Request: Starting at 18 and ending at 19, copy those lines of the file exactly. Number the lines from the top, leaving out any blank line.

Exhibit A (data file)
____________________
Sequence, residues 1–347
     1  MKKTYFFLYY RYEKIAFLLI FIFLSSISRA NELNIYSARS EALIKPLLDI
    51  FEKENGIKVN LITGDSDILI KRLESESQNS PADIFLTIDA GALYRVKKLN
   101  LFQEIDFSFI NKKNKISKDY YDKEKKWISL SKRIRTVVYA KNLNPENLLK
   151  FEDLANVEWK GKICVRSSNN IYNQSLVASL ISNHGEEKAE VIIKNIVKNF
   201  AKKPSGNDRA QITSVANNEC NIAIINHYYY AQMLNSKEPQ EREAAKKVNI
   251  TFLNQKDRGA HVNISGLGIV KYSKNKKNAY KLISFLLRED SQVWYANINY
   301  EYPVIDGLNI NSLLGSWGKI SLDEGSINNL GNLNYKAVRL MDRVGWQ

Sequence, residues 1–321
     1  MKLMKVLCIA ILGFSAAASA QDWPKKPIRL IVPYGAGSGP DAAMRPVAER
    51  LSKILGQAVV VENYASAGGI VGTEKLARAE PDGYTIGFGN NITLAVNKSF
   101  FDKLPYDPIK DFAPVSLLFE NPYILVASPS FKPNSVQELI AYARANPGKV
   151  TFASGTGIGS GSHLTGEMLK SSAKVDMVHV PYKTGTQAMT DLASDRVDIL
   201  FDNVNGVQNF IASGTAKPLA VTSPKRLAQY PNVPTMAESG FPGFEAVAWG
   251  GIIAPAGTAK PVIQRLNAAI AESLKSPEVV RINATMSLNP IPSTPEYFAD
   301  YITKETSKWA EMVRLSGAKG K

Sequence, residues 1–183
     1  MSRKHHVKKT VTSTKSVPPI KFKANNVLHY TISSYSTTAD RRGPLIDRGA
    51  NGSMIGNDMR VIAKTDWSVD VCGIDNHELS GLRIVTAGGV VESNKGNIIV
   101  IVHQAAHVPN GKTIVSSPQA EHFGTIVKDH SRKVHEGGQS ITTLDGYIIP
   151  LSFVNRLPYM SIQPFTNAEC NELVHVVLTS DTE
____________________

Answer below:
     1  MSRKHHVKKT VTSTKSVPPI KFKANNVLHY TISSYSTTAD RRGPLIDRGA
    51  NGSMIGNDMR VIAKTDWSVD VCGIDNHELS GLRIVTAGGV VESNKGNIIV